As I had the opportunity to return to my roots after being out of the show scene for a couple years due to college and work, I enjoyed seeing the next draft of youngsters walking into the ring and showing off their goats, steers and hogs. It brought back floods of memories and made me think about what this program and the tradition of county fair meant to me.
I couldn't help but smile as I watched a young girl manhandle a goat that probably weighed more than she did and continuously look ringside for the cues from her coach, a young man not much younger than myself. Her determination, competitive attitude and eager spirit was entertaining as well as enjoyable. It made me laugh as I took pictures of two little girls chasing a hog around the ring in the PeeWee division of the swine show. Although they were doing little more than tapping the hog with their bats and clearly without any real control of the animal, it was still humorous to see their excited smiles and witness their desire to be in the ring at that young age.
Then I was brought back to more recent years as I listened to young people prepare to market their animals at the sale for the last time. The auctioneer announced that this was the exhibitor's last year in 4-H to encourage higher bidding. As one young lady announced she was donating the proceeds to form a scholarship fund, she explained how she had grown up raising and showing hogs her whole life and struggled emotionally to bring this journey to an end. I thought about my numerous years raising and showing cattle and what not only the competition meant to me, but the countless hours spent raising, selecting and preparing my stock for the show.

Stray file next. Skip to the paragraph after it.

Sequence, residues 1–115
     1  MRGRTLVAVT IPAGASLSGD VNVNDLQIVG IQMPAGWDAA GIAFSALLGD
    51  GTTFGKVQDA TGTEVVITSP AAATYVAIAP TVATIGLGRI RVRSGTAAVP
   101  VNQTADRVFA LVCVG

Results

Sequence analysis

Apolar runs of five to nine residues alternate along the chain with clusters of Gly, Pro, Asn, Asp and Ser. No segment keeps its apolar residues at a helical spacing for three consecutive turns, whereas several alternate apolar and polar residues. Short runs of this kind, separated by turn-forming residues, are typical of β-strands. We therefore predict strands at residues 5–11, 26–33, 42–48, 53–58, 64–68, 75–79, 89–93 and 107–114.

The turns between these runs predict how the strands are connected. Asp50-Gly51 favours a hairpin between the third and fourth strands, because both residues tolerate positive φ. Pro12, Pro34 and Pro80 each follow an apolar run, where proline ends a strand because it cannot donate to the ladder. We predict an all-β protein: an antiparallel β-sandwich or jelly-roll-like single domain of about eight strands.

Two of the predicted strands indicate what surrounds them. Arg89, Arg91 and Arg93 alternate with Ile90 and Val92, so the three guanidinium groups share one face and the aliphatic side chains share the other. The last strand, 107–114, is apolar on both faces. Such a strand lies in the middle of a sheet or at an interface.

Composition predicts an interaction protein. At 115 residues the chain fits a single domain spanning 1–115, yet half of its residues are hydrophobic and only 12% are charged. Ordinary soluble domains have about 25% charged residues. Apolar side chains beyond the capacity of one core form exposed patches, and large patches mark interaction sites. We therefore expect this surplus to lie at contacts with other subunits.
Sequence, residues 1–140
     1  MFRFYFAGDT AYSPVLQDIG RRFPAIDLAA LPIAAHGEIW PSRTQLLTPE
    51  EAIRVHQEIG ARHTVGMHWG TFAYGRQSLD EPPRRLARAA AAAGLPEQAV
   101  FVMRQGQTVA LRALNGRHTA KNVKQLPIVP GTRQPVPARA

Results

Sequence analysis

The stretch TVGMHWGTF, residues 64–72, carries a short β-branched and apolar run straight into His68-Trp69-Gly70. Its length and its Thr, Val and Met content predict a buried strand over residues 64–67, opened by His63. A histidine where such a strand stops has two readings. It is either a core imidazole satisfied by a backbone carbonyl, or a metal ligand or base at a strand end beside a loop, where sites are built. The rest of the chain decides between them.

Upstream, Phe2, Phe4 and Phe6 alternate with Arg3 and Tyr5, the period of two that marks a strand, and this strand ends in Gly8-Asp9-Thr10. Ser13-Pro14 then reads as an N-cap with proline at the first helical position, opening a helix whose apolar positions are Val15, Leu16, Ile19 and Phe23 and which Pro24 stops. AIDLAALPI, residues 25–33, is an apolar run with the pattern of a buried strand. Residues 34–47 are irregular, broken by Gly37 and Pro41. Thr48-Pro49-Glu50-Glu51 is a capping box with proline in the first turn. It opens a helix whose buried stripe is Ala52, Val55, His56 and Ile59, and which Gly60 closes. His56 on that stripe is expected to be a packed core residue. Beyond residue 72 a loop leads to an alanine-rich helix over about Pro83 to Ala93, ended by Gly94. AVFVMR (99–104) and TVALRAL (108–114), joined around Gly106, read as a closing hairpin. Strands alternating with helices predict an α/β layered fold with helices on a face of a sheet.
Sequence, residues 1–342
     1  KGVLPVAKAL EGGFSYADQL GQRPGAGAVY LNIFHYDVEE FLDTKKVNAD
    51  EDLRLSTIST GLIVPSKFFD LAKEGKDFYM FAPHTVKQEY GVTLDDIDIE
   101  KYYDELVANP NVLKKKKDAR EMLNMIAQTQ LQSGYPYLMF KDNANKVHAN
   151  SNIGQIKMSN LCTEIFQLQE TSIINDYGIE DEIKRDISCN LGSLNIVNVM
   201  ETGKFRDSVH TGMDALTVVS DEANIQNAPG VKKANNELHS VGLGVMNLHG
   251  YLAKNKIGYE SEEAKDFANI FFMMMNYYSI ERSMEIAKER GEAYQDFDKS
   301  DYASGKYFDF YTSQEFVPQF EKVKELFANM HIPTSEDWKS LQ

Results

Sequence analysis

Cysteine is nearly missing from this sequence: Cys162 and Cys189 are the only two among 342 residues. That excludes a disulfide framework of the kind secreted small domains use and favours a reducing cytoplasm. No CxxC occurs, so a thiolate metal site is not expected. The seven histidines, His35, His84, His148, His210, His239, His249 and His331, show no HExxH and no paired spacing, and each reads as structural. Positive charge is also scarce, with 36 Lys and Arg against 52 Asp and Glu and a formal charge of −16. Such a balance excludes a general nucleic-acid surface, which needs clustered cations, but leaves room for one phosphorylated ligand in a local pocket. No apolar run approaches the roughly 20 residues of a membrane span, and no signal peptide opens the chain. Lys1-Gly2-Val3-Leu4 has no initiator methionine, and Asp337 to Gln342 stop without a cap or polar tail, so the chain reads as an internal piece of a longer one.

Over the 11 years I competed in 4-H, I can't even begin to count the many memories I made. Whether it was staying up late setting up a stall display, getting to the barn before sunrise to get 8 head of cattle ready for show, or giving my steer a hug goodbye after the sale, I had fun, made friends, and learned important life lessons. I learned about being committed to my animals and providing the best care for them. I learned my dinner and bed were always last on the priority list. And I practiced good sportsmanship whether I won or lost.
Not only am I proud of how it shaped my life, but I'm excited about giving back and helping the next "show team". As I told one of my "adopted moms" at the fair this year, "I'm wondering which will come sooner, me getting to show again or finding a little person to help!"
If you were involved in 4-H, how did it shape your life? What memories do you have of county fair? What do you plan to do to pass on what you learned to the next draft of youngsters?
Until next time, you can find me off the beaten path and ridin' for the brand!!!